Their first need is food. Exceedingly bad weather this year has caused the worst crops in Western Europe in a generation. Crop failures in France--the worst in 100 years--and in Italy make it necessary for those countries to import half the grain they need to live on during the coming months.

The other major shortage is fuel. Fuel supplies were depleted by last year's severe winter. War damage to railroads, and the reduced efficiency of miners laboring on an inadequate diet, have prevented the rebuilding of fuel stocks.

The financial reserves of France and Italy have been nearly exhausted by the cost of their imports since the end of the war. Rising prices in the United States and in other countries where they must buy have further reduced the purchasing power of their remaining funds. They now face the coming winter without sufficient resources

to pay for essential food and fuel. The figures tell the story.

France can meet her minimum needs, with present funds, until the end of December, but she will enter the new year without funds to pay for essential imports. The French will need $357 million to carry them until March 31, 1948.

Italy will not be able even to get through the rest of this year. Italy must have $142 million to carry her until December 31 and an additional sum of 143 million to get through the first quarter of 1948.

Serious difficulties have also been encountered in the occupied areas--Germany, Japan, and Korea. Additional funds will have to be appropriated this year in order for us to maintain our position in those areas.

It can readily be seen that congressional action to meet these needs cannot be delayed until January.

My action in convening the Congress on November 17th in no way reduces the necessity for pressing forward with our voluntary food saving program. Dollars appropriated by the Congress cannot feed hungry people if there is no food for the dollars to buy. There will not be enough food unless we-the people of the United States--save vast quantities of grain. I am deeply gratified at the splendid response of the American people to our national food saving program. It is an earnest effort to meet the needs of humanity.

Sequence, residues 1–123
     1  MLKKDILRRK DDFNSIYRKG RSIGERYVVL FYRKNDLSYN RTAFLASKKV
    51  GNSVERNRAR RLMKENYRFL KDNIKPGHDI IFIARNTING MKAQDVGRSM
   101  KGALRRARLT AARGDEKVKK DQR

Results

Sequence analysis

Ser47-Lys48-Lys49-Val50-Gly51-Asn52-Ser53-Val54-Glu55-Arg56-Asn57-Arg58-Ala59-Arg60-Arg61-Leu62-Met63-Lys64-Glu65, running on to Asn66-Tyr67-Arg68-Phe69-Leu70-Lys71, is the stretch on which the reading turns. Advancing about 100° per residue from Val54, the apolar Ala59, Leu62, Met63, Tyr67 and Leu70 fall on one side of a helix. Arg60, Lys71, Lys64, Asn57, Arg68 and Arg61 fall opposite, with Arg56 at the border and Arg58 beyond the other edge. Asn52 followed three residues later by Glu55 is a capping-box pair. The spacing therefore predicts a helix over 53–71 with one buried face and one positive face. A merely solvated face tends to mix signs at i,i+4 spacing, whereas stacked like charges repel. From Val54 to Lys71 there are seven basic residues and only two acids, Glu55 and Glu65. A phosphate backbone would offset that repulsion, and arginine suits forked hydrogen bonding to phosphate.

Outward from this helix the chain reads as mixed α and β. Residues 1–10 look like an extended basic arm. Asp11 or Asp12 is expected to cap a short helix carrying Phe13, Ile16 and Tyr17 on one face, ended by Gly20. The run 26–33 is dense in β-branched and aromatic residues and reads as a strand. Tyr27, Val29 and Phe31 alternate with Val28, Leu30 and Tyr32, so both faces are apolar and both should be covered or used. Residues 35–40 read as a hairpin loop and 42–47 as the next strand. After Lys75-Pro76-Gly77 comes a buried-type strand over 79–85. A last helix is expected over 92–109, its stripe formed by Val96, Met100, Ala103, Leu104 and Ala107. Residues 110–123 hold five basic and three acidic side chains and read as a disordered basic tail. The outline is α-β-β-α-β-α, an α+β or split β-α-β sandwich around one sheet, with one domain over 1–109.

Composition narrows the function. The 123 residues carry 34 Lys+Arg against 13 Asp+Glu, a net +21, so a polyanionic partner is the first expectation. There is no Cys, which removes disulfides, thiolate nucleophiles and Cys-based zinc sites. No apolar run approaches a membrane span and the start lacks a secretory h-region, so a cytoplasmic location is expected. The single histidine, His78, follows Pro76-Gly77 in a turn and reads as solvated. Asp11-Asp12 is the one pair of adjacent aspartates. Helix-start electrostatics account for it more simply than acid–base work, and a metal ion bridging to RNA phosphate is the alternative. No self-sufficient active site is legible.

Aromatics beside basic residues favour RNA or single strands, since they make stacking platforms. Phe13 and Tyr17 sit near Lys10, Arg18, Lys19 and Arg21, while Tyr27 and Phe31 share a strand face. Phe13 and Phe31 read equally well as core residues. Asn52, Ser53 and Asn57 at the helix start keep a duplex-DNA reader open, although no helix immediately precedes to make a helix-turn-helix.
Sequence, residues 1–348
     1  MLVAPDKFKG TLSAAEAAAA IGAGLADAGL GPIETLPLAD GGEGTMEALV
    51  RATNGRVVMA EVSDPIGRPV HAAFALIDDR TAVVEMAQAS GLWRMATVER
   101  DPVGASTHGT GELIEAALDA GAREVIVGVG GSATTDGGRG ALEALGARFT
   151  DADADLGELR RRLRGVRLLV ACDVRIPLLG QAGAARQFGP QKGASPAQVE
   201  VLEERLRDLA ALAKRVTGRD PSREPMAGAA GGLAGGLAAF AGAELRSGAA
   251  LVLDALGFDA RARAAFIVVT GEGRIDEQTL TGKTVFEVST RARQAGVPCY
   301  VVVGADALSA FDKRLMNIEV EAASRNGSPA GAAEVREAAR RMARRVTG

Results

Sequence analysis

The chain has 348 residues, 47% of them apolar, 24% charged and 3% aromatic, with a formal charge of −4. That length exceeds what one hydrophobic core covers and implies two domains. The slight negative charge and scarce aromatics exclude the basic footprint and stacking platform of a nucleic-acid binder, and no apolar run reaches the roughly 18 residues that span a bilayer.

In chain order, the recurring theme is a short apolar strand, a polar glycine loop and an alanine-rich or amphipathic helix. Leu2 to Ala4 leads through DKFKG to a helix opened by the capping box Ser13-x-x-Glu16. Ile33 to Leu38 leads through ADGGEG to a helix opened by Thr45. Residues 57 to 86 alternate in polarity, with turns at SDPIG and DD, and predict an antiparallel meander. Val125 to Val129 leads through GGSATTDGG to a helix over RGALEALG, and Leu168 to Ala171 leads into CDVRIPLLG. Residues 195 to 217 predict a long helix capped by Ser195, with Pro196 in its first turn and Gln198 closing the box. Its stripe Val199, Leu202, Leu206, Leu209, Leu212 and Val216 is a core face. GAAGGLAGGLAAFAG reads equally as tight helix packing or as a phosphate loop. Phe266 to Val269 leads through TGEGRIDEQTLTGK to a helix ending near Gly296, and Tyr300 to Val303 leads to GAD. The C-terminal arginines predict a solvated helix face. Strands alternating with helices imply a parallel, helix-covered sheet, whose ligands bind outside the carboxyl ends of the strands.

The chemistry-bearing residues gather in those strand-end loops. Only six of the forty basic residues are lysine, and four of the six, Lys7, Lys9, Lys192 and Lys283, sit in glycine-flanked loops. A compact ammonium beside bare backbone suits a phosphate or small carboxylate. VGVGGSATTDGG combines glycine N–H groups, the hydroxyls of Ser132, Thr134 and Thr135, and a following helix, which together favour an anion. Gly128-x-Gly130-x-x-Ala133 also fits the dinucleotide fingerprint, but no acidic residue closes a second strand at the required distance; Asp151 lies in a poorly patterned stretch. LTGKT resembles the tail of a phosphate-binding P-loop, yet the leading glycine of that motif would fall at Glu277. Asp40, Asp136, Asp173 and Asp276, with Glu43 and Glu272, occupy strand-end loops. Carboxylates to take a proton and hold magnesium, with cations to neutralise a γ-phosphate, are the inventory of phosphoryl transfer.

Even with the proposed aid from this country, the people of Europe this winter will be on short rations. They will be cold, and they will be without many necessities. But our emergency aid will be definite assurance of the continuing support of this Nation for the free peoples of Europe.

The two problems I have been discussing with you tonight high prices at home and hunger and cold abroad--present a challenge to the American people.

We could choose the course of inaction. We could wait until depression caught up with us, until our living standards sank, and our people tramped the streets looking for jobs. Other democratic nations would lose hope, and become easy victims of totalitarian aggression. That would be the course of defeatism and cowardice.

Our other course is to take timely and forthright action. If we do this, we can halt the spiral of inflation at home, relieve hunger and cold abroad, and help our friendly neighbors become self-supporting once again.

I know that it is the heartfelt wish of the American people that action be taken which will overcome the obstacles to peace and prosperity confronting this Nation.

It is within our power to lead the world to peace and plenty.

With resolution and united effort we shall achieve our goal.

Harry S. Truman, Radio Address to the American People on the Special Session of Congress. Online by Gerhard Peters and John T. Woolley, The American Presidency Project https://www.presidency.ucsb.edu/node/232474